in trouble to sink;
while each Ebenezer
I have in review
confirms his good pleasure
to help me quite through.
Why should I complain
of want or distress,
temptation or pain?
He told me no less;
the heirs of salvation,
I know from his word,
through much tribulation
must follow their Lord.
How bitter that cup,
no heart can conceive,
which he drank right up
that sinners might live;
his way was much rougher
and darker than mine;
did Jesus thus suffer,
and shall I repine?
Since all that I meet
shall work for my good,
the bitter is sweet,
the med'cine is food;
though painful at present,
'twill cease before long;
and then, O how pleasant
the conqueror's song!
SECOND READING [Acts 19:8-20]:
Paul entered the synagogue and for three months spoke out boldly, and argued persuasively about the kingdom of God. When some stubbornly refused to believe and spoke evil of the Way before the congregation, he left them, taking the disciples with him, and argued daily in the lecture hall of Tyrannus. This continued for two years, so that all the residents of Asia, both Jews and Greeks, heard the word of the Lord.
God did extraordinary miracles through Paul, so that when the handkerchiefs or aprons that had touched his skin were brought to the sick, their diseases left them, and the evil spirits came out of them. Then some itinerant Jewish exorcists tried to use the name of the Lord Jesus over those who had evil spirits, saying, 'I adjure you by the Jesus whom Paul proclaims.' Seven sons of a Jewish high priest named Sceva were doing this. But the evil spirit said to them in reply, 'Jesus I know, and Paul I know; but who are you?' Then the man with the evil spirit leapt on them, mastered them all, and so overpowered them that they fled out of the house naked and wounded. When this became known to all residents of Ephesus, both Jews and Greeks, everyone was awestruck; and the name of the Lord Jesus was praised. Also many of those who became believers confessed and disclosed their practices. A number of those who practised magic collected their books and burned them publicly; when the value of these books was calculated, it was found to come to fifty thousand silver coins. So the word of the Lord grew mightily and prevailed.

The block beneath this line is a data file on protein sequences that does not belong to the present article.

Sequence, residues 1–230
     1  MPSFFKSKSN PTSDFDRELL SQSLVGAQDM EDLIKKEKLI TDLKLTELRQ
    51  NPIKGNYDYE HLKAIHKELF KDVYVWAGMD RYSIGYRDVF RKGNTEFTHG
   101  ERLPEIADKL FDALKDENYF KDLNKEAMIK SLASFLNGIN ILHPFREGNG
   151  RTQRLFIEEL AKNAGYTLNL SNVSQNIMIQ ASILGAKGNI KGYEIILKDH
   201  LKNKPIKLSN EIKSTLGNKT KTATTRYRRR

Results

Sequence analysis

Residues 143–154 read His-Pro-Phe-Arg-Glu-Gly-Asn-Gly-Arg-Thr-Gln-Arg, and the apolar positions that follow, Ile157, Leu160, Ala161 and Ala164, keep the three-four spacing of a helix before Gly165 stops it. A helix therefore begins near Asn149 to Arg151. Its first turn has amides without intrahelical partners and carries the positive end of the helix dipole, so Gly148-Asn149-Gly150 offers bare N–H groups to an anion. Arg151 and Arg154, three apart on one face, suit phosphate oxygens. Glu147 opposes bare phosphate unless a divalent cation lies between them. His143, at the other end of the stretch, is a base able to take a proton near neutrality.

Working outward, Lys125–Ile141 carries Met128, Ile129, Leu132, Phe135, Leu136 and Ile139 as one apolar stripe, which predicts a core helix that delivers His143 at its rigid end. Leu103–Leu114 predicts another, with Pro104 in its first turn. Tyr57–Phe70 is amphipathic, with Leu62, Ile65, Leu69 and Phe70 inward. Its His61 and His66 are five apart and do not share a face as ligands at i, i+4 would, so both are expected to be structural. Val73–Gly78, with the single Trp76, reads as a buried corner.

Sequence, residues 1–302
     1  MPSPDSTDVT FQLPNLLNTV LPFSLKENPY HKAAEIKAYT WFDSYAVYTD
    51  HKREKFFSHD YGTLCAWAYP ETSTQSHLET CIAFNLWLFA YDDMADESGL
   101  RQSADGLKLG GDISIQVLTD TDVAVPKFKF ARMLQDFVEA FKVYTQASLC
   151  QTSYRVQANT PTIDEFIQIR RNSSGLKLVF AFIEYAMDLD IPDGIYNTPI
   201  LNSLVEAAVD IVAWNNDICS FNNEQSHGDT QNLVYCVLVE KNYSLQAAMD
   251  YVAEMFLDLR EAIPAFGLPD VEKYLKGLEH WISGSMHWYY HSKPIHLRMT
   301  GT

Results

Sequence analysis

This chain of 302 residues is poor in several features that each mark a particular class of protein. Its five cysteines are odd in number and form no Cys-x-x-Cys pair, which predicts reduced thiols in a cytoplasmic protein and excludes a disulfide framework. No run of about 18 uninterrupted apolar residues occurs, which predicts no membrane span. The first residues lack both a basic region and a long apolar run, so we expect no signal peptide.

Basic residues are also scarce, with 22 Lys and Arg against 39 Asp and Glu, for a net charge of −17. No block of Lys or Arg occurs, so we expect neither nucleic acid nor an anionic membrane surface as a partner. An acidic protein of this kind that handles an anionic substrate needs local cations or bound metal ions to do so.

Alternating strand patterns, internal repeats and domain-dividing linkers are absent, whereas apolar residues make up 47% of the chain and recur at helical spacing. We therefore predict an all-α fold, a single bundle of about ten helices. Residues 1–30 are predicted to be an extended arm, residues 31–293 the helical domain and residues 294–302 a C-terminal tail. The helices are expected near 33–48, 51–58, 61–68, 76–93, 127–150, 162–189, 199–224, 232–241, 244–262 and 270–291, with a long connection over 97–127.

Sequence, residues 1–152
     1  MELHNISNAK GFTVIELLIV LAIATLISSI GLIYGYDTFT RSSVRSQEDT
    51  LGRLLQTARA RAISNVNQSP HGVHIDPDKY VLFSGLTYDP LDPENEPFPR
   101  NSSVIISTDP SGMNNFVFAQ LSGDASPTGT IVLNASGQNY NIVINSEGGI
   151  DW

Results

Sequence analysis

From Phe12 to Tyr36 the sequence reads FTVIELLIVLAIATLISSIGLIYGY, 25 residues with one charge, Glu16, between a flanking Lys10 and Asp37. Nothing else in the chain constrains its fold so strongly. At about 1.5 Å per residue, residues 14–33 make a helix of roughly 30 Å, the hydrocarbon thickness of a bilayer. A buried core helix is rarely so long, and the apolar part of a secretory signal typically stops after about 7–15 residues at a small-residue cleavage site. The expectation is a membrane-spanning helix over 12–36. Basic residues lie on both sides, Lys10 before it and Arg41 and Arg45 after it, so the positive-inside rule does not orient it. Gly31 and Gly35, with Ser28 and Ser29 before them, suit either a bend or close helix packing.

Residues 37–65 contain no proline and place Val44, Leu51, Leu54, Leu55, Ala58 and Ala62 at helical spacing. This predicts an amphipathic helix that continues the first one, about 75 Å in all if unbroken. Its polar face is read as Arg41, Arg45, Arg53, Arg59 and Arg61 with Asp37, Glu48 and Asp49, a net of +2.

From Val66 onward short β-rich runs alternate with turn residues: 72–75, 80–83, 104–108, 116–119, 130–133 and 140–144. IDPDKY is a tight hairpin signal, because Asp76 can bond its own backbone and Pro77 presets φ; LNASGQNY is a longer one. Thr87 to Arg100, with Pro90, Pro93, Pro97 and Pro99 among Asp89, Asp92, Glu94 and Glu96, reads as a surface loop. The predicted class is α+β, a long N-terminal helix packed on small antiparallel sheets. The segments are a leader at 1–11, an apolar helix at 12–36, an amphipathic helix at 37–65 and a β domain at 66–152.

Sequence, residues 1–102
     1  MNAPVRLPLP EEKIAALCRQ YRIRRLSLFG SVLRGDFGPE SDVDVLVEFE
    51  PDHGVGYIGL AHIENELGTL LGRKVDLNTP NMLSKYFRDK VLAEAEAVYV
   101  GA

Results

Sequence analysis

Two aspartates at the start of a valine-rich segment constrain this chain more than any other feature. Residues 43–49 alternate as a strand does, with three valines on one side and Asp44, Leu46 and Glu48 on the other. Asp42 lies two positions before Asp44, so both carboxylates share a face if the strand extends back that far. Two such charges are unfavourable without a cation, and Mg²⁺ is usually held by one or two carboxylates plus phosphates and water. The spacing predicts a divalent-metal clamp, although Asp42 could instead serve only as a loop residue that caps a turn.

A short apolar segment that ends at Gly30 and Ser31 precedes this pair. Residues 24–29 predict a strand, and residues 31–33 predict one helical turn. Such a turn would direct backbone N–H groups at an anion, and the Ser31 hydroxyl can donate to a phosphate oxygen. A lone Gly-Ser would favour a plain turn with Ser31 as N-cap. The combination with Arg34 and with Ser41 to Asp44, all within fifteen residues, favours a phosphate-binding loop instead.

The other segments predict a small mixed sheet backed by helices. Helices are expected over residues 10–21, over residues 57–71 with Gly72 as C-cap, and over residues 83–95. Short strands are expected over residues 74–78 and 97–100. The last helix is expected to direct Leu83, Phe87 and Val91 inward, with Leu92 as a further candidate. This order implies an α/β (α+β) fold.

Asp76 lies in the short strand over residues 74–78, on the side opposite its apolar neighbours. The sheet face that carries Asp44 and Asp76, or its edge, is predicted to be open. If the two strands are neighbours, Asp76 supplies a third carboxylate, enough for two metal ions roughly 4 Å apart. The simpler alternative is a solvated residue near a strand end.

The Benedictus (Morning),
the Magnificat (Evening), or
Nunc dimittis (Night) may follow.
Foundation of all that is,
you are our dwelling place for all time.
For what you have wrought through the waters of baptism
and your indwelling Spirit:
We praise you, Lord.
For the peace and strength of your surrounding mercy:
We praise you, Lord.
For all the ways your grace has shaped the patterns of our lives:
We praise you, Lord.
Free us and all your church to be at home with you today.
Strong God, hear us.
Make our hearts hospitable to all whom we meet today.
Strong God, hear us.
Steady in us all our choices and encounters.
Strong God, hear us.
Hold tenderly to your Church,
east, west, north, south,
past, present and future for Christ(s sake.
Strong God, hear us.
O God, the healer of body and soul,
send us your salvation and make us whole;
lift from us the burden of sinfulness
and bring us to your holy throne,
to live for ever with you in glory. Amen.
Gathering our prayers and praises into one,
let us pray as our Savior has taught us.
- The Lord's Prayer
Help us so to know you that we may truly love you,
so to love you that we may fully serve you,
whose service is perfect freedom in Jesus Christ our Lord. Amen.
The psalms are from _Celebrating Common Prayer_ (Mowbray), (c) The Society of Saint Francis 1992, which is used with permission.
The biblical passage is from The New Revised Standard Version (Anglicized
Edition), copyright (c) 1989, 1995 by the Division of Christian Education
of the National Council of the Churches of Christ in the USA. Used by
permission. All rights reserved.
The opening prayer and closing sentence are adapted from _Book of Common Worship_, (c) 1993 Westminster / John Knox Press.
More information about the oremus